This pretty much explains how the classical groups are related to different flavors of quantum mechanics.

Now what about the octonions? Well, here we can only go up to n = 3, basically for the reasons explained before: the same stuff that keeps us from defining octonionic projective spaces past a certain point keeps us from getting Jordan algebras! The interesting case is the Jordan algebra of 3×3 self-adjoint octonionic matrices. This is called the "exceptional Jordan algebra", J. The group of symmetries of this is - you guessed it, F4. One can also define a "minimal projection" in J and the space of these is OP2.

Is it possible that octonionic quantum mechanics plays some role in physics?

I don't know.

Anyway, here is my hunch about the bioctonionic, quateroctonionic, and octooctonionic projective planes. I think to define them you should probably tensor the exceptional Jordan algebra with C, H, and O, respectively, and take the space of minimal projections in the resulting algebra. Rosenfeld seems to suggest this is the way to go. However, I'm vague about some important details, and it bugs me, because the special identities I needed above to define OP2 are related to O being an alternative algebra, but C ⊗ O, H ⊗ O and O ⊗ O are not alternative.

I should add that in addition to octonionic projective geometry, one can do octonionic hyperbolic geometry. One can read about this in Rosenfeld and also in the following:

6) Daniel Allcock, Reflection groups on the octave hyperbolic plane, University of Utah Mathematics Department preprint.

Addenda: Here's an email from David Broadhurst, followed by various remarks.


Shortly before his death I spent a charming afternoon with Paul Dirac. Contrary to his reputation, he was most forthcoming.

Among many things, I recall this: Dirac explained that while trained as an engineer and known as a physicist, his aesthetics were mathematical. He said (as I can best recall, nearly 20 years on): At a young age, I fell in love with projective geometry. I always wanted to use to use it in physics, but never found a place for it.

Then someone told him that the difference between complex and quaternionic QM had been characterized as the failure of theorem in classical projective geometry.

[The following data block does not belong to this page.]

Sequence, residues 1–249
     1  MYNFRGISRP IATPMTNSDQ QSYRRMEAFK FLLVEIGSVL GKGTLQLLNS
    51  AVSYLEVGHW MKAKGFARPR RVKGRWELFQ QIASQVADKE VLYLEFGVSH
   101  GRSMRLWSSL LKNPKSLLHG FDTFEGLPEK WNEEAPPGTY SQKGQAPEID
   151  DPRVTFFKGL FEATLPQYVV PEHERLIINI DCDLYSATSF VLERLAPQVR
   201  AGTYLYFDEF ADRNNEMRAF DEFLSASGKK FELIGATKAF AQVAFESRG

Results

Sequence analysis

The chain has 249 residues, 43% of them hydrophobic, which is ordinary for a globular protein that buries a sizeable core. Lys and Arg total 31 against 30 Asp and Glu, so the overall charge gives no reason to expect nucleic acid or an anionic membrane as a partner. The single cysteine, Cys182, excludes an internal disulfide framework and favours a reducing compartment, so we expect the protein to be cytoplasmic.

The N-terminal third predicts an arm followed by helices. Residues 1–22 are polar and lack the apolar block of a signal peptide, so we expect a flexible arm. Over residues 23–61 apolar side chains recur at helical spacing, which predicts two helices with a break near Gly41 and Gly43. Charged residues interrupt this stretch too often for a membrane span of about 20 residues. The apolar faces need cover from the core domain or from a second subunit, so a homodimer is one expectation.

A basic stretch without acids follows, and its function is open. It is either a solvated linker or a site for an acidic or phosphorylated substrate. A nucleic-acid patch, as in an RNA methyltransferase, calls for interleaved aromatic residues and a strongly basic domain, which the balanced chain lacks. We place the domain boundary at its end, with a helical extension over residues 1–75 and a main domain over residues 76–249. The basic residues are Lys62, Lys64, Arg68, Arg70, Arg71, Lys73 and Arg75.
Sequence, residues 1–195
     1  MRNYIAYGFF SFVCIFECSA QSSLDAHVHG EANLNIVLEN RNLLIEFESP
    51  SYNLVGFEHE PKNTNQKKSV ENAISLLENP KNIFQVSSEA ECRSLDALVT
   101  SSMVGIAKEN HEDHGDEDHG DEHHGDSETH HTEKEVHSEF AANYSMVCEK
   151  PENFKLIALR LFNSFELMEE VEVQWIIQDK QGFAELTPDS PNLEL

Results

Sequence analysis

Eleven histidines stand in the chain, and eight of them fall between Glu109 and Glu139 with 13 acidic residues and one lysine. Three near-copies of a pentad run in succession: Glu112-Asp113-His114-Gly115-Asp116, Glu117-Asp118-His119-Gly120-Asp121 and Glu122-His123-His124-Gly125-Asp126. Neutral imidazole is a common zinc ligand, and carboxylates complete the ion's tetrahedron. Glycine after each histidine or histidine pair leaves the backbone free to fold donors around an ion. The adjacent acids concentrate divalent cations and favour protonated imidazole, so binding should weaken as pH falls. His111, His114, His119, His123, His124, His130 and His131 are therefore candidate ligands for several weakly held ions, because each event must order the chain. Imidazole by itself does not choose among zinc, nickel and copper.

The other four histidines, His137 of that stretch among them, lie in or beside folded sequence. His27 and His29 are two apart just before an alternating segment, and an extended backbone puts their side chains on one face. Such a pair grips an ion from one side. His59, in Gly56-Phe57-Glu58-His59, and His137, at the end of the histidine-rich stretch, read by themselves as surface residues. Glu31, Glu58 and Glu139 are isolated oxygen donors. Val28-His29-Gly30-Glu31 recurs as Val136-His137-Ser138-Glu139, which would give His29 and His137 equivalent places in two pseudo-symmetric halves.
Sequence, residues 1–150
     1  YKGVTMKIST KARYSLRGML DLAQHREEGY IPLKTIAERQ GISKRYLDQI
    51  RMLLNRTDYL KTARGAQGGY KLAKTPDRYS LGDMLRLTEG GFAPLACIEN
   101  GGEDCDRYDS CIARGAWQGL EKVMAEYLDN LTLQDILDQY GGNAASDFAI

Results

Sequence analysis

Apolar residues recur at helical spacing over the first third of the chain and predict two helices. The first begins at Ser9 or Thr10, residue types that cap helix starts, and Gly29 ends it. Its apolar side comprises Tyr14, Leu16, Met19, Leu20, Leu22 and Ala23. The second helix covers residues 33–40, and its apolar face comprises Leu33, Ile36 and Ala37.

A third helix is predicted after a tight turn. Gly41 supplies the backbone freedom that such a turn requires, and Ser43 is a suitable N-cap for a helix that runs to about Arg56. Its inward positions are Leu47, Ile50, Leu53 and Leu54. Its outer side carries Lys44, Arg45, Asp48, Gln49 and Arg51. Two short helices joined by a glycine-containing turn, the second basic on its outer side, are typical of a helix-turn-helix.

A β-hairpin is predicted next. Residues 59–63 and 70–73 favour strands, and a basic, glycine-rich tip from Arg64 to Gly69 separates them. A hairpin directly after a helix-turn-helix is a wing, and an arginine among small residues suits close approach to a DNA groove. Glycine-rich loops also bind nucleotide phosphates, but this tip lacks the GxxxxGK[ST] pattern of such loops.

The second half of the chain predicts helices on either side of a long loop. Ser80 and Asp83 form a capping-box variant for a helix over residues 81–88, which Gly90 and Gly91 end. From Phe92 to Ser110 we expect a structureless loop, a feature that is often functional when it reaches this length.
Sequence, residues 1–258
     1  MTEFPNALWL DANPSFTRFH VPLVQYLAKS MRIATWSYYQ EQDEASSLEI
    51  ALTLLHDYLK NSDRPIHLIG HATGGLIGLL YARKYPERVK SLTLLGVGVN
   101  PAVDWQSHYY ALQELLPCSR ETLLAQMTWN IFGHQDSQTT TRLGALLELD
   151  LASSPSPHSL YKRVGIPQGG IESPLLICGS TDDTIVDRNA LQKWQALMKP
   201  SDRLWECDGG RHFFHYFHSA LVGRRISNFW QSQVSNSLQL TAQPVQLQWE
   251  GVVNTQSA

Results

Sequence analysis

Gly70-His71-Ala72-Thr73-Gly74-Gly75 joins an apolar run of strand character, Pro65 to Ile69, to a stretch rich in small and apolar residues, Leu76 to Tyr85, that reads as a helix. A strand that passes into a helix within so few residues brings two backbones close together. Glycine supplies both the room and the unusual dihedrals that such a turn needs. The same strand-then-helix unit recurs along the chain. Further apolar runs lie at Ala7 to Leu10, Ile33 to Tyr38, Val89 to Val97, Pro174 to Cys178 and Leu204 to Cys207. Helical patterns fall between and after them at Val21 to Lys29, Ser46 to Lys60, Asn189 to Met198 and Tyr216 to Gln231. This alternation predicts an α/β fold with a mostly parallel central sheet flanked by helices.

Dirac's face beamed a lovely smile: Ah he said, it was just such a thing that I hoped to do.

I was reminded of this when bactracking to your "week106", today.


The theorem that fails for quaternions but holds for R and C is the "Pappus theorem", discussed in "week145".

Next, a bit about OPn. There are different senses in which we can't define OPn for n greater than 2. One is that if we try to define coordinates on OPn in a similar way to how we did it for OP2, nonassociativity keeps us from being able to change coordinates a bunch of times and get back where we started! It's definitely enlightening to see how the desired transition functions gij fail to satisfy the necessary cocycle condition gij gjk = gik when we get up to OP3, which would require 4 charts.

But, a deeper way to think about this emerged in conversations I've had with James Dolan. Stasheff invented a notion of "A space", which is a pointed topological space with a product that is associative up to homotopy which satisfies the pentagon identity up to... etc. Any A space G has a classifying space BG such that

Ω(BG) ~ G.

In other words, BG is a pointed space such that the space of loops based at this point is homotopy equivalent to G. One can form this space BG by the Milnor construction: sticking in one 0-simplex, one 1-simplex for every point of G, one 2-simplex for every triple (g,h,k) with gh = k, one 3-simplex for every associator, and so on. If we do this where G is the group of length-one elements of R (i.e. Z/2) we get RP, as we expect, since

RP = B(Z/2).

Even better, at the nth stage of the Milnor construction we get a space homeomorphic to RPn. Similarly, if we do this where G is the group of length-one elements of C or H we get CP or HP. But if we take G to be the units of O, which has a product but is not even homotopy-associative, we get OP1 = S7 at the first step, OP2 at the second step, ... but there's no way to perform the third step!

Next: here's a little more information on the octonionic, bioctonionic, quateroctonionic and octooctonionic projective planes. Rosenfeld claims that the groups of isometries of these planes are F4, E6, E7, and E8, respectively. The problem is, I can't quite understand how he constructs these spaces, except for the plain octonionic case.